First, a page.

On Jan. 31, the NBA released the participants for the 2020 Rising Stars Challenge, which is set to take place on Friday, Feb. 14 during the NBA’s All-Star Weekend.
Although the game is set to take place on Valentine’s Day, there was one player who did not receive much love from those who voted on the rosters, and that is Denver Nuggets forward Michael Porter Jr.
There were plenty of snubs from this year’s Rising Stars Challenge, most notably Cleveland Cavaliers guard Collin Sexton, who is averaging 19.6 points per game this season.
The argument against Sexton and many of those who were left off the Rising Stars’ rosters was how their individual performances did not contributed to team success. That is not the case for Porter Jr.
Porter Jr. has only played 13 games this season where his minutes total eclipsed 20. In those 13 games, Porter Jr. has averaged 15.2 points, 8.0 rebounds and 1.6 assists while shooting 55% from the field and 44% from three, and the Nuggets are 10-3 in those 13 games.
Porter Jr.’s per 36 minutes averages are 20.1 points, 11.1 rebounds and 1.9 assists on 51% shooting from the field and 43% from deep, and he has yet to surpass the 30-minute mark in any game this season.
The day before the rosters were announced, Drew Packham of NBA.com released his rankings of the top five rookies up until that point of the season. Packham ranked Porter Jr. second, only behind Rookie of the Year favorite and Memphis Grizzles guard Ja Morant.
In 2015, as international players like Giannis Antetokounmpo and Rudy Gobert were breaking onto the scene, the NBA changed the Rising Stars Challenge format to Team USA vs. Team World. Team World has a 3-2 advantage over Team USA in the five games.
Porter Jr. was eligible for Team USA, given that he was born and raised in Missouri, and there are three players Porter Jr. should have made it over.
Eric Paschall, Golden State Warriors
Of the three players listed, Paschall is the most deserving of his Rising Stars roster spot, but there is a still an argument to be made against him.
Paschall has started 22 games for the Warriors this season, 21 more starts than Porter Jr., and in 26.8 minutes per game, is averaging 13.5 points, 4.6 rebounds and 1.7 assists.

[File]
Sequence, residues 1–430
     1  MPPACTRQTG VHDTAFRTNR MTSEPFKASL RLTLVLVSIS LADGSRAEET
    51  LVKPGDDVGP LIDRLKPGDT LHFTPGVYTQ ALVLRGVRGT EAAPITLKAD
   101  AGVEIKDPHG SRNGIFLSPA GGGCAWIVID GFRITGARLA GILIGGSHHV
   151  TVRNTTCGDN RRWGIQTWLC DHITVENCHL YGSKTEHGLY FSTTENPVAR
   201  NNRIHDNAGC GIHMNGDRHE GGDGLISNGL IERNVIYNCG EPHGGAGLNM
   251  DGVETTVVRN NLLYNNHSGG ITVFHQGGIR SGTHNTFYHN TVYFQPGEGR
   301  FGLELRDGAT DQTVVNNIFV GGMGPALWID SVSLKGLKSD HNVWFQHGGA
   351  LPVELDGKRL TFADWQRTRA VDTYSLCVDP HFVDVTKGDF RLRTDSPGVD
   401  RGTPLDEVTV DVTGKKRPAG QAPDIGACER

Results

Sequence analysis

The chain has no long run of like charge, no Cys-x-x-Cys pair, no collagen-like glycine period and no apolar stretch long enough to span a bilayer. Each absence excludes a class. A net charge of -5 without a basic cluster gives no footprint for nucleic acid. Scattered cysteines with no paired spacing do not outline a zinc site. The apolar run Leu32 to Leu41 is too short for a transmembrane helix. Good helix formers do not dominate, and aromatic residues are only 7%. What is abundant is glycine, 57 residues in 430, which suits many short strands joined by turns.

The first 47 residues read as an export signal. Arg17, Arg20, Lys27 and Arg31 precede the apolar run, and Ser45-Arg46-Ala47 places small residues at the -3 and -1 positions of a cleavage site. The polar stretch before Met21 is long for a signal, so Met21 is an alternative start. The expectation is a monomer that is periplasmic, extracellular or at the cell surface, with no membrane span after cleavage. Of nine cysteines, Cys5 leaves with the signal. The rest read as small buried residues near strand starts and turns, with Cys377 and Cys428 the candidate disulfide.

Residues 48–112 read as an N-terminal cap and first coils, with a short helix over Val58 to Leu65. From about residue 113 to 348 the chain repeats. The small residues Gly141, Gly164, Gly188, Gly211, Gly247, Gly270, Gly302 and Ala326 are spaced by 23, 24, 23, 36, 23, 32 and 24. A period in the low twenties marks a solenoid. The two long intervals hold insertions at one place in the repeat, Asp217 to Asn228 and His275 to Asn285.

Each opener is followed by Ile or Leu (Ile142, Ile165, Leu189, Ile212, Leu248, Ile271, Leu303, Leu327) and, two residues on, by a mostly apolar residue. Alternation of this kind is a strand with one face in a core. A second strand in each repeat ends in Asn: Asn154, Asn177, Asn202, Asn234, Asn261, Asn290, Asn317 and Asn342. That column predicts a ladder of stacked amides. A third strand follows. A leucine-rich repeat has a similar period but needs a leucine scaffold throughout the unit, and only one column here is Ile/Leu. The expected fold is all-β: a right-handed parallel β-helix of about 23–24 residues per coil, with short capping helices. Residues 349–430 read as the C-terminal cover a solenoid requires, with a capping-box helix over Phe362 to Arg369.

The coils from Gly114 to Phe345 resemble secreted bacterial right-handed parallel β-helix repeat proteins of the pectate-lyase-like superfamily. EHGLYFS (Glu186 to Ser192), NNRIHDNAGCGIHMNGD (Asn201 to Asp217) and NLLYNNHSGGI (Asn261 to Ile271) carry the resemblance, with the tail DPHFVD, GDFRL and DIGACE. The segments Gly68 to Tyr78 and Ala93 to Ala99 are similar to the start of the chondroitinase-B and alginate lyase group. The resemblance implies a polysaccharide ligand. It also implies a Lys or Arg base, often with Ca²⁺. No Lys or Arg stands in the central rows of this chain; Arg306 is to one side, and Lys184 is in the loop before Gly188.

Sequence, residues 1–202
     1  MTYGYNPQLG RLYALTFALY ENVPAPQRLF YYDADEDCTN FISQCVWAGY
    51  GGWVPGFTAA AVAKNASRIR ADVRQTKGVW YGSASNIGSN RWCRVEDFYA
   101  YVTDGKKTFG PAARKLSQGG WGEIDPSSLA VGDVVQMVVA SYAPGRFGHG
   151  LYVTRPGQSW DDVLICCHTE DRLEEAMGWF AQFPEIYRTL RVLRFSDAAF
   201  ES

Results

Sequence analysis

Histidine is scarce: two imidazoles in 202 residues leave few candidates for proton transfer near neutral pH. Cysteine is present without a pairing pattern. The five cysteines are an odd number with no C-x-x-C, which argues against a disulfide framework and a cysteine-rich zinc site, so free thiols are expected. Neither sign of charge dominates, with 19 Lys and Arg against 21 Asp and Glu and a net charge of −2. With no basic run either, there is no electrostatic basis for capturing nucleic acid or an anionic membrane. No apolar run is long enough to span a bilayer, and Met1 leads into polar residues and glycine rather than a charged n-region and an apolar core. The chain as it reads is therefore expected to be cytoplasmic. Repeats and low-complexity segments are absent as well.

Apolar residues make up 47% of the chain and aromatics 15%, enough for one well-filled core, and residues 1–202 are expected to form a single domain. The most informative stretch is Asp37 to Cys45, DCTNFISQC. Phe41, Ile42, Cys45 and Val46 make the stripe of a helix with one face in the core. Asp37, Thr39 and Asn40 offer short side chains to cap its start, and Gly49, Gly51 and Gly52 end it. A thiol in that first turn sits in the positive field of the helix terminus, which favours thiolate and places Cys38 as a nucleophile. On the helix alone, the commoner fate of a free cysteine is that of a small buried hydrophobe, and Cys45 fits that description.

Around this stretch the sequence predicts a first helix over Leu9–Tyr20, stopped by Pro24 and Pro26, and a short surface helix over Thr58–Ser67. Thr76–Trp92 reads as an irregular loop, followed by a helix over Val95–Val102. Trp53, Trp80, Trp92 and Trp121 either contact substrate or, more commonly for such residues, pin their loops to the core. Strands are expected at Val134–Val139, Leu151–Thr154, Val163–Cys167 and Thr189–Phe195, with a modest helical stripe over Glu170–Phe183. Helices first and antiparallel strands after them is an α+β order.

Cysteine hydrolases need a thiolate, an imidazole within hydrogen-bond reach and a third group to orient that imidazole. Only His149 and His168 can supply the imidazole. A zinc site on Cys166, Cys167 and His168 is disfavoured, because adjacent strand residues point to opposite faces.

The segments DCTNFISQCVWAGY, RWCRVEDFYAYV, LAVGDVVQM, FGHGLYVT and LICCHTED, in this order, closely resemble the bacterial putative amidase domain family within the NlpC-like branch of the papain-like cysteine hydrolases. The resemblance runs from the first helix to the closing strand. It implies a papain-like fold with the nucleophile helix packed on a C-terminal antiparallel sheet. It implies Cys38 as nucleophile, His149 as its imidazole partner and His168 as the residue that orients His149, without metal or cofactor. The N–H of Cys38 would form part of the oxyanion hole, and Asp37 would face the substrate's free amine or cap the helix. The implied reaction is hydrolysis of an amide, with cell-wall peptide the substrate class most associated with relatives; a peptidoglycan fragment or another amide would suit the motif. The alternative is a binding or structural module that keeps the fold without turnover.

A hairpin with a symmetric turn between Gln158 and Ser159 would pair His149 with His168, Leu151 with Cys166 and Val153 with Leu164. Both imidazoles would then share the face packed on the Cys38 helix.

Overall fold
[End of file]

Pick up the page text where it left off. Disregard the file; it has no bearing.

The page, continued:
In the 23 games Paschall did not start for the Warriors, he averaged 21 minutes per game, (which is still 6.7 minutes more than Porter Jr. averages on the season), and got 9.1 points, 3.3 rebounds and 1.7 assists per night. Those numbers are fairly similar to Porter Jr.’s averages for the season.
In the 14 games where Paschall played 20-29 minutes per game, he averaged 11.0 points, 3.9 rebounds and 1.8 assists while shooting 44% from the field and 12% from three. The Warriors also went 2-12 in those 14 games.
Paschall has the benefit of playing for an injury-riddled team with the worst record in the NBA, his opportunity is greater than Porter Jr.’s, but that does not mean his impact on the floor is too.
Miles Bridges, Charlotte Hornets
Over 49 games this season, Bridges played 30.2 minutes per night for a Charlotte team that is currently 12th in the Eastern Conference. Bridges has started all but one game this season for the Hornets and has averaged 12.4 points, 5.4 rebounds and 1.8 assists a night.
Bridges has played 33 games where he has attempted at least 10 field goals, only nine times has Porter Jr. taken 10 or more shots in a game. 23 times this season Bridges has attempted five or more threes in a game, as for Porter Jr., only five times has he hoisted up that many from deep.
Bridges has yet to play a game this season where he played less minutes than Porter Jr.’s average, his per 36 averages are drastically worse than Porter Jr.’s and once again, had opportunity not interfered with Porter Jr’s production, the Nuggets would have had at least one player in the Rising Stars challenge for the fourth time in five years.
PJ Washington, Charlotte Hornets
Washington, Bridges’ teammate, has started every game he has played this season and in 30.1 minutes per night, averages 12.2 points, 5.3 rebounds and 2.0 assists per game.
As mentioned before, the Hornets currently are 12th in the Eastern Conference with a 16-33 overall record and Washington, like Bridges and Paschall, benefits from getting a lot of playing time which, consequently, results in “inflated” stats.
In the 14 games where Washington played 20-29 minutes, he averaged 8.9 points, 4.3 rebounds and 1.5 assists on 42% shooting from the field and 29% from deep.
Washington’s per 36 numbers are worse than Porter. Jr’s and the Hornets are -6.4 points worse than their opponents when he is in the game, something that cannot be said about Porter Jr. who makes the Nuggets +3.0 points better than their opponents with him on the floor.
The Future is Bright for the Denver Nuggets
Porter Jr. is a budding star who in 15 games (all of which he came off the bench) during the month of January, averaged 12.3 points, 6.9 rebounds and 1.3 assists while shooting 52% from the field and 48% from three.
NBA All-Stars like Jimmy Butler, Khris Middleton and Pascal Siakam never made it to the Rising Stars Challenge. Heck, even two-time NBA Finals MVP Kawhi Leonard failed to make a roster during his rookie campaign.
A recent article from the Denver Post had the Nuggets forward quoted as saying, “[head coach Mike Malone] knows I deserve to be a Rising Star, be in that game, but I’m gonna be playing in the playoffs, and that’s worth a lot more to me than playing in that game.”
The future is bright for the 21-year-old, the day Malone unleashes his prodigy into a starting role is going to be the day of reckoning for the NBA.